Thank you, everyone, for your prayers these past few days. I have started my Chinese class, and I feel more motivated than I have ever felt. Since I've joined this class, I've had many opportunities to meet people from all over the world (we have people from France, Indonesia, Vietnam, Korea, Japan, and America in my class), and it's nice to be able to encourage them. I don't think I mentioned this earlier, but when I took my placement test for this class, I fell somewhere between the first and second level. Basically, my listening and speaking were closer to the second level (having a husband fluent in Chinese has helped), but my reading and writing were more in the first. Those characters are difficult! Also, I'm quite adept at pinyin but an absolute dunce with MPS. And just my luck, MPS is the system that Taiwan uses, so I have to learn it. Just in this case, I wish that Taiwan could just be like the rest of the world and use pinyin! Anyway, because of all of these factors, I decided to start from the first level. A little review never hurt anyone, right? Our teacher can't really speak any English, and because my Chinese ability is slightly higher (and I'm sure that won't last long) than my classmates, I'm able to help them out a lot and encourage them. Our teacher is nice, but I can tell she's nervous (being a teacher myself and all). She doesn't quite know what to do with us low-level Chinese speakers. When she wrote the characters on the board, she just threw them up there very quickly without explaining the stroke order (very important in order for the character to end up looking the way it should). I get the feeling that we're supposed to work on our writing more at home anyway, which is fine for me because my husband can review everything with me. But some of the other students expressed a bit of concern, but were unable to describe what they were feeling to the teacher. I didn't want to offend her, but as a teacher I know that it's annoying when students begin complaining to the head office before simply asking you to change something directly first (this happens quite a bit in Taiwan where people aren't direct). So I stayed after class and asked her, in my broken Chinese, to write one stroke and then wait a minute or two for us to write it before she goes on to the next. She was very nice and apologetic, and said that she simply forgets how hard it is. Wow, it was as simple as that!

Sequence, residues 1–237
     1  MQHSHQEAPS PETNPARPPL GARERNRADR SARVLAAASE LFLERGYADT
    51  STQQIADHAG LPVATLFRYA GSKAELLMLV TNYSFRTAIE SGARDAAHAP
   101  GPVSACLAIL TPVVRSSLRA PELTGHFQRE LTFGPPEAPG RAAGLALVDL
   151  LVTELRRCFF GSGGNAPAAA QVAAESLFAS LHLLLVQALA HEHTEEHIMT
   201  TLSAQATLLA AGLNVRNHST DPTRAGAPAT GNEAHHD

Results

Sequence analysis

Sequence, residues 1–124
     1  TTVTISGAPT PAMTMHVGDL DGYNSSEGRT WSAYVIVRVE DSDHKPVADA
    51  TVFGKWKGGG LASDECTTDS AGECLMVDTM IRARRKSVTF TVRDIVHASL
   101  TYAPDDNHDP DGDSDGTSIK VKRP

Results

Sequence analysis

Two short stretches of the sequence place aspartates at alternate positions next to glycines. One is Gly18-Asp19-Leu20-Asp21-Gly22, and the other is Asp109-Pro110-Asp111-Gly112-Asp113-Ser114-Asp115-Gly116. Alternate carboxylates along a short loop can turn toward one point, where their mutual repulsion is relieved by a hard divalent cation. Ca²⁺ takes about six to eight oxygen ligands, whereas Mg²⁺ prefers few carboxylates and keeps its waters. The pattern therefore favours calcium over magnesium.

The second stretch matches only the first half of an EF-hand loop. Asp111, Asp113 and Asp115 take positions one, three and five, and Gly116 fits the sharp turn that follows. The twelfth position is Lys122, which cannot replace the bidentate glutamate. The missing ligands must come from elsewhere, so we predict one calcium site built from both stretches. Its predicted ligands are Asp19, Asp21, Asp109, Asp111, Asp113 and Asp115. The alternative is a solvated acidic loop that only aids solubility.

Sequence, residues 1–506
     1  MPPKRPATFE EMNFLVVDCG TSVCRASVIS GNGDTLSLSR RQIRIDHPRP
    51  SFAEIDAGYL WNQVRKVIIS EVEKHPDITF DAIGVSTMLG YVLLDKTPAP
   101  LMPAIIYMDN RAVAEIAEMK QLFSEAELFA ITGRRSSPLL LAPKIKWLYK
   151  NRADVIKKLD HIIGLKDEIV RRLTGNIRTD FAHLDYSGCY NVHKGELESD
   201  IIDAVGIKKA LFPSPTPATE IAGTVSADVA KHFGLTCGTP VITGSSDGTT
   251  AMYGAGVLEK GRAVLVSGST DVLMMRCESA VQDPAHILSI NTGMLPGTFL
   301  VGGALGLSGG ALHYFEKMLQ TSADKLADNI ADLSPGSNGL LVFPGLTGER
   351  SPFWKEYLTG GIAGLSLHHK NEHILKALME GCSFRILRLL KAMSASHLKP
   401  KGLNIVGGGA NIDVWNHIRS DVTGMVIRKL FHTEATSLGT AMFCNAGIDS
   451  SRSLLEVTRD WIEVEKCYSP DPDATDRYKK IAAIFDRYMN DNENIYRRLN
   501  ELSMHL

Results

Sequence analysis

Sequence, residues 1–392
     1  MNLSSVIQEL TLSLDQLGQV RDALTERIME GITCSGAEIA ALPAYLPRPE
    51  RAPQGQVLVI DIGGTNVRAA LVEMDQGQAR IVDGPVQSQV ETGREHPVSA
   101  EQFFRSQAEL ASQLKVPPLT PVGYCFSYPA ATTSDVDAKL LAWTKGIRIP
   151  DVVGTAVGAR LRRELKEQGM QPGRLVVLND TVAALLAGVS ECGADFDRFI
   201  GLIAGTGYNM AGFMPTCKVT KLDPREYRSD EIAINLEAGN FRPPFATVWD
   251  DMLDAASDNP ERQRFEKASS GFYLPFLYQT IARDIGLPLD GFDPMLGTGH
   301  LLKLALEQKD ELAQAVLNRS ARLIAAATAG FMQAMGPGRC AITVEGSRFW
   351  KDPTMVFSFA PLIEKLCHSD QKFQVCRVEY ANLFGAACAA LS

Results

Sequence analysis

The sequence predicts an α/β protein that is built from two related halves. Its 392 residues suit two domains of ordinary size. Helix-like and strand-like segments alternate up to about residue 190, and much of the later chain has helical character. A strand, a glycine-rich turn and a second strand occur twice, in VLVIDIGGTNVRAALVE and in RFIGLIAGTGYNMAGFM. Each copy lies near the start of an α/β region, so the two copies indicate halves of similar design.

Again, thank you so much for your prayers! I'm amazed at just how powerful prayer is sometimes -- although I should be used to it by now. I think I also have good news about a new job for Ian (my husband), but will refrain from sharing it until we're 100% sure of it. Please continue to pray for me to be motivated to learn Chinese. I feel kind of bad asking everyone to do this for me (I know you're all busy), but I won't succeed without God's help.
I'm still getting used to my new schedule. If any of you pay attention to the time that I usually post at, you'll know that I'm a HUGE night owl! I need to be more disciplined with this and go to bed earlier. My life is getting pretty busy with Chinese study, and I know that I need to start taking care of this body that God gave me and get up earlier to exercise. The only days where I have a big block of free time are Fridays, Saturdays, and Sundays, so I'll be saving up all of my ideas and only posting on those days from now on (I cheated a little tonight). I don't want to give up blogging, as I've met so many new friends and have been blessed by it so much. Also, it's a great way for my family to keep track of what I'm doing. But from here on out, you'll probably get a lot of posts all in those three days. I probably will only be able to comment on other people's blogs in those three days too. Okay, this is getting boring and overly informative. I'll see you all on Friday! =)